FringeReview UK 2017
A return to the Arcola for this award-winning 2126 play. Sergio Blanco’s is here adapted into English in Daniel Goldman’s translation and direction where Blanco’s text is adapted to Goldman’s experiences mounting the Arcola premiere. Jemima Robinson’s Ministry-prescribed cage inhabits the stage where a writer hopes to interrogate a real Lifer inside; and shimmers to Richard Williamson’s lighting and video design, live and pre-filmed in monochrome or colour, perched above panopticon-style. Till October 7th.
It’s good to welcome the return of this cage. Franco-Uruguayan Sergio Blanco’s Thebes Land drops back into Arcola’s Studio 1 after its acclaimed run in 2016, echoing the welcome re-run of other Arcola productions like Kenny Morgan. It’s a fine policy, given necessarily short runs.
We’re staring straight at Jemima Robinson’s Ministry-prescribed cage where a writer hopes to interrogate a real Lifer inside, for everyone’s safety, about his patricide. Richard Williamson’s lighting and video design, sometimes live, sometimes cunningly pre-filmed in monochrome or colour, perches above in true panopticon-style.
Inevitable parallels with Truman Capote’s In Cold Blood and two films made of Capote’s encounters with killers on Death Row fade. It’s because Blanco extrapolates real events by personal witness slightly varied, here localised in this English-language in Daniel Goldman’s translation and direction where Blanco’s text is adapted to Goldman’s experiences mounting the Arcola premiere involving Arcola Director and staff, real and ‘false’ though not very false projects, and imaginatively predicted outcomes with the Ministry of Justice. At one point an ASM delivers a one-liner. So fact, faction and fiction are grafted in this English version on the original. Blanco’s writer ‘S’ becomes the ‘T’ of actor Trevor White.
As White fast-talks his jet-setting snappily pretentious persona around the cage like a self-propelling pencil desperate for skin to scratch on, Largatkil-induced Martin Santos skulks inside. Santos isn’t what he seems of course, from the monosyllabic baritonal saw of a voice as ‘T’ White interrogates him gently but uncomprehendingly. T’s father was an international basket-ball player yet T shows no interest in this; till now, when Santos shows more than a talent for it, his one activity knocking the ball into the basket. He’s a natural. What then is T after?
Here’s a man abused by a father he murders, and T essays all sorts of literary cages tighter than the one he’s permitted to share here. He seeks to unravel the inevitable Oedipal myth he explains to Santos whose incredulous take on Jocasta rebuts any sense that the mother he was close to fits T’s suggestion.
By now the audience as one to my right noted visibly relaxes, at Alex Austin’s natural London voice, Freddie the actor chosen to play Santos. Santos has been denied leave to appear in his cage. Freddie asks questions. Is inadvertent patricide really intend patricide? And another late on, about killing a father if the father abrogated his role by becoming a sadistic abuser. Austin’s morphing between the two starts to oscillate towards the end so in one scene he assumes both personae.
More than the exploration for Santos’ motivation, which seems straightforward, is the very construct we place on people. Martin means ‘war’, Freddie derives from ‘peace’ but making Martin a war Saint, St Martin in fact chimes with his visions, epilepsy-induced, controlled now but a late-onset element thrusting T’s constructs to interrogate all sorts of motives, stuffing Freddie with Dostoevsky’s The Brothers Karamazov (another father righteously killed) and Martin with Mozart’s Piano Concerto No. 21, a kind of reverse-engineering of Alex in A Clockwork Orange. Most of all, it deconstructs our very notions of guilt, patricide, glib formulae. ‘Some things aren’t easy to tell’ Martin says with slab-like precision. Deaths and tellings inform the layers and rituals involved. T’s cheerful eureka to Freddie about his title ‘Thebes Land’ is shot through with appropriation.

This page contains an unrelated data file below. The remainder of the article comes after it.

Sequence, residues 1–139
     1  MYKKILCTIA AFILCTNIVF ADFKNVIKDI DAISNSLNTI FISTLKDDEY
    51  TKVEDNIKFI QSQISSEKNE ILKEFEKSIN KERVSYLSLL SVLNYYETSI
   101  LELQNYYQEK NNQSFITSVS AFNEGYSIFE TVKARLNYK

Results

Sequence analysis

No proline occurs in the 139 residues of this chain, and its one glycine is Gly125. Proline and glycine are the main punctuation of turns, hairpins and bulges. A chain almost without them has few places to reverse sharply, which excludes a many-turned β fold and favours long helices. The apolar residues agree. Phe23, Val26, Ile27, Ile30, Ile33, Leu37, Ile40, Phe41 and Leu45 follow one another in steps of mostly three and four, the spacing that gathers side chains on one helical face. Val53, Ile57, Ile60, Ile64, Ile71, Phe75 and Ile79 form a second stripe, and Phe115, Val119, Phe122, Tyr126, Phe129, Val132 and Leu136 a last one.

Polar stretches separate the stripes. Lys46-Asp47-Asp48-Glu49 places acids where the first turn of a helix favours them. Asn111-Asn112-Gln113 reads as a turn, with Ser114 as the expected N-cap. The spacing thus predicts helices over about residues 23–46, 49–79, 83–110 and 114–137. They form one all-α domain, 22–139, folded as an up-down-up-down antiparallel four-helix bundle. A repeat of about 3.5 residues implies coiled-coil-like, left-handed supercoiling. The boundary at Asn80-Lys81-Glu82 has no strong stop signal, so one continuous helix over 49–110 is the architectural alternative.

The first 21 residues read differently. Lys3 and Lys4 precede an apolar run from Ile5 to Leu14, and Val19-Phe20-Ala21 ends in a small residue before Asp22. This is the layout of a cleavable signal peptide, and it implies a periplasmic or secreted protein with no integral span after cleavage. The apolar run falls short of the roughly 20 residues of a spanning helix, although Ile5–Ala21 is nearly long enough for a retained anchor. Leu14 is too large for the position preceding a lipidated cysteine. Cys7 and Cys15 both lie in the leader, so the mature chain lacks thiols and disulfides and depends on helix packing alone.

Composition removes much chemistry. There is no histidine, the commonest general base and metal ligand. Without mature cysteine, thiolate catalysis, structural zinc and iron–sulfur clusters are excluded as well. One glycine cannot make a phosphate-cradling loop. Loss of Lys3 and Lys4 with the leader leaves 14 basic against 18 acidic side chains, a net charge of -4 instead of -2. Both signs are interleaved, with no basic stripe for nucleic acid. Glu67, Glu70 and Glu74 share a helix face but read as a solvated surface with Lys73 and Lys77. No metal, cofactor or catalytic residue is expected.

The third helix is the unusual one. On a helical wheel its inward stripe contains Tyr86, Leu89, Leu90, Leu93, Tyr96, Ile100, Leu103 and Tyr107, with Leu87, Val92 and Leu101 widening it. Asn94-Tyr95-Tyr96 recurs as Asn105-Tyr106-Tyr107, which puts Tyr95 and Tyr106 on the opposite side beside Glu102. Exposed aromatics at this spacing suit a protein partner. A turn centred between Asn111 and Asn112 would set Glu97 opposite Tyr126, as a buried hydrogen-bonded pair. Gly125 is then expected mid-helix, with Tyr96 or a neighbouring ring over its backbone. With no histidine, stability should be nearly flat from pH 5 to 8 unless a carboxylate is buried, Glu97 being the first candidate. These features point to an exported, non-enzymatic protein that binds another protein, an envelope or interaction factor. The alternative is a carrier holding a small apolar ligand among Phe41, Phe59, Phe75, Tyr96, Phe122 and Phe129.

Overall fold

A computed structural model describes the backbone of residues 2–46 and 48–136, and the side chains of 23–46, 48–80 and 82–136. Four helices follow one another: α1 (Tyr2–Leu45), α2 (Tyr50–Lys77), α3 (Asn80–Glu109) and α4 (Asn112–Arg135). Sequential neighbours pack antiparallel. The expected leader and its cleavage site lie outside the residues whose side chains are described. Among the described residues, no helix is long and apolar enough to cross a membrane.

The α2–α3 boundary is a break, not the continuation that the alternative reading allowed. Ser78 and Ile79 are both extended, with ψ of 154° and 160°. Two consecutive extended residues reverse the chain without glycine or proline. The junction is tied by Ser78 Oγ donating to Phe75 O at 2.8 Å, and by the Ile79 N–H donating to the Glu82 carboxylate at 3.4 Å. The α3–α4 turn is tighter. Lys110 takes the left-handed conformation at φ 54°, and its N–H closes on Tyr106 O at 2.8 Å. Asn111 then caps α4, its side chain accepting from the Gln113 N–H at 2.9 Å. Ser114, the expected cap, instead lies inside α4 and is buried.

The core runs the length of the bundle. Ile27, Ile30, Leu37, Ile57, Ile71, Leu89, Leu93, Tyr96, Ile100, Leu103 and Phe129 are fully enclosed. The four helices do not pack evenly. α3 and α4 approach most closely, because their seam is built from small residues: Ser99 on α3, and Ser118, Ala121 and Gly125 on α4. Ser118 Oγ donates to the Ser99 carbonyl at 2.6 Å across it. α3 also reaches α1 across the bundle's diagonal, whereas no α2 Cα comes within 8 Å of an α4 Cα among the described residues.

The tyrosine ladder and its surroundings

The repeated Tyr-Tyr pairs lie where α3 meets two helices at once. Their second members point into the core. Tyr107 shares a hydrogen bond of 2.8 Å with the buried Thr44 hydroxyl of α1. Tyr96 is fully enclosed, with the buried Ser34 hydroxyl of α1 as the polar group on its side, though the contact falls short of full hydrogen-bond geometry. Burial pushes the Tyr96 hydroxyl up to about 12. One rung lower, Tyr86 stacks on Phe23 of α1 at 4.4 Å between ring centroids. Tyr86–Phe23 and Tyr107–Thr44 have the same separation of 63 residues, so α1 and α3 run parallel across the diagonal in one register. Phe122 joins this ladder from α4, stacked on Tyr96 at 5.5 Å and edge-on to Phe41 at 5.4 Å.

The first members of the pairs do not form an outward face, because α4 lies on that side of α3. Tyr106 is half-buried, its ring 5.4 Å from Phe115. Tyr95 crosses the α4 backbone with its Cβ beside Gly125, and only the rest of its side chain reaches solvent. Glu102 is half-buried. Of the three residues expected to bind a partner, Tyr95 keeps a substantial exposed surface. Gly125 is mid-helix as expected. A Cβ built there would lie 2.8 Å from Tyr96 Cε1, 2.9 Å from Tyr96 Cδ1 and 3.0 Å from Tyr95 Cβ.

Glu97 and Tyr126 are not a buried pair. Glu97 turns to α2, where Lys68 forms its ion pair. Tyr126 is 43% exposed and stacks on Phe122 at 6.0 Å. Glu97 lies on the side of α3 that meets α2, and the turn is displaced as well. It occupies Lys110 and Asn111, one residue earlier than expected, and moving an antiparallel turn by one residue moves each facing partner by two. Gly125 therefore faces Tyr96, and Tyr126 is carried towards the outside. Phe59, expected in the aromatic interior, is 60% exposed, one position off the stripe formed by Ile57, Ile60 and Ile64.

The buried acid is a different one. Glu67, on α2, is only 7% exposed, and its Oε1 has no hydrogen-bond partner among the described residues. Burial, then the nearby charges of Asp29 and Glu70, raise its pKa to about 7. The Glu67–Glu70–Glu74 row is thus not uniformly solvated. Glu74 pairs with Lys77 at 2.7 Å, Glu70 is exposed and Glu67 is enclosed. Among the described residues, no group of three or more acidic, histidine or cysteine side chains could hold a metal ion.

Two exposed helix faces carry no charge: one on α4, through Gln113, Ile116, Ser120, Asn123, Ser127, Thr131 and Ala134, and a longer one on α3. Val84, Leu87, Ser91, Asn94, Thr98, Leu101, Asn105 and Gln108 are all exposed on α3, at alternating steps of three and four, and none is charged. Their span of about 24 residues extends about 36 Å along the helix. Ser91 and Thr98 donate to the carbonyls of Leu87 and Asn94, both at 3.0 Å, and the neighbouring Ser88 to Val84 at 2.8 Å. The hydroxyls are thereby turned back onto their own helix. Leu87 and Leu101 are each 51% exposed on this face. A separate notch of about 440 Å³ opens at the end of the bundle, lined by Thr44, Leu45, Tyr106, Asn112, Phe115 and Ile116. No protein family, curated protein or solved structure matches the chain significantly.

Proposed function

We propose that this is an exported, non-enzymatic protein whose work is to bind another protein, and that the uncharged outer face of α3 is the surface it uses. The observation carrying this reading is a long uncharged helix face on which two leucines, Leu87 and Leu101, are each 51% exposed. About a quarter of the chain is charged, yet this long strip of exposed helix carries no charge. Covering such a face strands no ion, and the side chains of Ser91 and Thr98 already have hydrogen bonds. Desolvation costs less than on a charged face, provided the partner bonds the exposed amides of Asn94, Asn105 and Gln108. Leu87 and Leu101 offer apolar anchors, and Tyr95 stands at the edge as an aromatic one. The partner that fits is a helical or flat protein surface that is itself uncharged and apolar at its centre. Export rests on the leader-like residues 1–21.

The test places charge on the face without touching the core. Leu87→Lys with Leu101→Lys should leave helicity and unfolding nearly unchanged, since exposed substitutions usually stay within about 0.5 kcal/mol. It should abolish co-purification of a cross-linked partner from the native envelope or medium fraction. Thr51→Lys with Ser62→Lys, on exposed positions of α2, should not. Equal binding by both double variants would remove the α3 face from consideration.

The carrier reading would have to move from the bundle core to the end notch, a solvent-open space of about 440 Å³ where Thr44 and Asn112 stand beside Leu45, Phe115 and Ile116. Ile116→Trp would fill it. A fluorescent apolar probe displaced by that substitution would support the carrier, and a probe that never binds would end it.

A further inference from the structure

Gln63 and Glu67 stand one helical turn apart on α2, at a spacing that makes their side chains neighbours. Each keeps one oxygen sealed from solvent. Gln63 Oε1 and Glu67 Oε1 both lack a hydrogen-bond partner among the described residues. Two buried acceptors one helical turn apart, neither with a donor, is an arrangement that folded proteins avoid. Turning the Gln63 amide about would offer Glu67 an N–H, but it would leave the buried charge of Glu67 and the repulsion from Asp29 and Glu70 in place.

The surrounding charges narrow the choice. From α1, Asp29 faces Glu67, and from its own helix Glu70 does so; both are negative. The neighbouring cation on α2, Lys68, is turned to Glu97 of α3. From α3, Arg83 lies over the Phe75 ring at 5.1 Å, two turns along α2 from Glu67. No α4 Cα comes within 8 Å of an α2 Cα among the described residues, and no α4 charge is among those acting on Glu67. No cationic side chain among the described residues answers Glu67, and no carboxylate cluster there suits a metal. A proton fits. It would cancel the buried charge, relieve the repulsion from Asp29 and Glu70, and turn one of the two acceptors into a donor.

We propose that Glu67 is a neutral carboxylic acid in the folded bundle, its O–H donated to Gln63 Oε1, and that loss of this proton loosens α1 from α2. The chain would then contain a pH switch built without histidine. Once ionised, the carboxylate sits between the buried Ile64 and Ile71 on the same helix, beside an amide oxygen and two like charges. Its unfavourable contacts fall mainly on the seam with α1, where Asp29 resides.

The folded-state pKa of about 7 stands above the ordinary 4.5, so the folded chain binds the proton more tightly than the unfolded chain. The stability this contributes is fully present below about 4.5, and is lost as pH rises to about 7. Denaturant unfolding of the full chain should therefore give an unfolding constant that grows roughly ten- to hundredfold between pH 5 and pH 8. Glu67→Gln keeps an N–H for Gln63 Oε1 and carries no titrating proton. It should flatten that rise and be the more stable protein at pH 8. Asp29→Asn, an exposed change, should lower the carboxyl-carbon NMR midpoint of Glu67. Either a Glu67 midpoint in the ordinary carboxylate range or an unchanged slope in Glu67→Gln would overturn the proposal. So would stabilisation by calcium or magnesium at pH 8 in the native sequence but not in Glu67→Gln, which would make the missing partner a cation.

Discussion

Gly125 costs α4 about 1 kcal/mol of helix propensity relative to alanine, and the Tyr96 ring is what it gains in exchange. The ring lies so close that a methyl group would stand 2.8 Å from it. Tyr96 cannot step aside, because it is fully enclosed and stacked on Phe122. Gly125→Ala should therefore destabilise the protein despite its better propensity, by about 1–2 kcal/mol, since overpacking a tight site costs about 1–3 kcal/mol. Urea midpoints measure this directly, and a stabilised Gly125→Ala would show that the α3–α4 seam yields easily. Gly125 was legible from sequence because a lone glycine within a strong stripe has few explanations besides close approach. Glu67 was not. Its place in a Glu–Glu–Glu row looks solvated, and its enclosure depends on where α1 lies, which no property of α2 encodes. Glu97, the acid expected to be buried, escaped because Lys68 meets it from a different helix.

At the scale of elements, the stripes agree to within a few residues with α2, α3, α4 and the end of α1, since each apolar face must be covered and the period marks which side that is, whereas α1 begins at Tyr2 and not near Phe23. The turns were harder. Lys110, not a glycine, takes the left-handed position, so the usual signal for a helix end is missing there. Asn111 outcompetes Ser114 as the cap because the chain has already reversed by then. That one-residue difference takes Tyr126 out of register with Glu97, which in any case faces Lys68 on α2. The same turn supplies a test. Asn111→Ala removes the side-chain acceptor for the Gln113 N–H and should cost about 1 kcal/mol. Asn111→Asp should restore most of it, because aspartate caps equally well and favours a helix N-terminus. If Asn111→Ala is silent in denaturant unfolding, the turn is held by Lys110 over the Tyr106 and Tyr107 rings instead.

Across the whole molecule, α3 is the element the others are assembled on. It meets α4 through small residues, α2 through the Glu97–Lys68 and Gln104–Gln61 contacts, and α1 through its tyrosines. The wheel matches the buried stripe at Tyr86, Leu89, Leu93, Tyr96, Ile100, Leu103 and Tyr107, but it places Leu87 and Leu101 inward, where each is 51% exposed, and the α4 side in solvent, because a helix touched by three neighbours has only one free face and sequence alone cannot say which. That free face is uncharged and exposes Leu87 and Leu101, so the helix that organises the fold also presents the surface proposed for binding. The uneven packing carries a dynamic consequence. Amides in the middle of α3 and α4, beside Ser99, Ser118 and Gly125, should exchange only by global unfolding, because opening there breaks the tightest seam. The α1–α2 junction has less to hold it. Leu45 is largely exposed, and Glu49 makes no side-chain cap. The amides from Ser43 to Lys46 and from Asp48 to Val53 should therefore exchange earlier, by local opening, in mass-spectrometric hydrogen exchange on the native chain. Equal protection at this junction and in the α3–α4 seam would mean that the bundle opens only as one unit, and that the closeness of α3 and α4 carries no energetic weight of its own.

There’s more than devised theatre in this, though such experiments as those by Tim Crouch suggest themselves. This is differently controlled. Musically – and there’s music all round here – it’s not so much John Cage and chance composition as Lutoslawski’s aleatory disciplines: one eighth newly-devised, the rest crystalline. And if that sounds pretentious you’ve not met T.
What we’re finally confronted with though isn’t the stripping-away of T to a pretentious husk but something far more deeply engaged, far more disturbed but emphatically not unredeemable or even uncompassionate. A series of gestures at the end show how T’s complicity and being shaped have rendered him susceptible to something more engaged than Stockholm Syndrome. And what he decides to do wreaks a change in Martin.
It’s been happening all through. What is the Martin explaining ‘it’s a matter of calculating distance and velocity’ doing by the Third Quarter of this encounter? His very language shifts.
No praise could be high enough for Austin’s swerve-ball shift of registration, his inhabiting of Martin whose vocally-graunched persona embodies a flinching menace at times, a trigger T’s more than wary of. White’s slowly melting Canadian glacier shifts too: his increasingly easy avuncularity with Freddie warms up. More, he’s physically drawn in by fear and duty, outrage and affection by Martin and his plight. His verbally buzzy part is understated but T’s transformation is as consummately wrought.
Before they part however, there’s that question of a hug. The father-termed ‘whore’ Martin and T confess edgily to feelings more complex than father/son, friends, lovers even. It’s where this will go, what both Martin and T are left with, that begins to shine out of this extraordinary, ground-breaking work.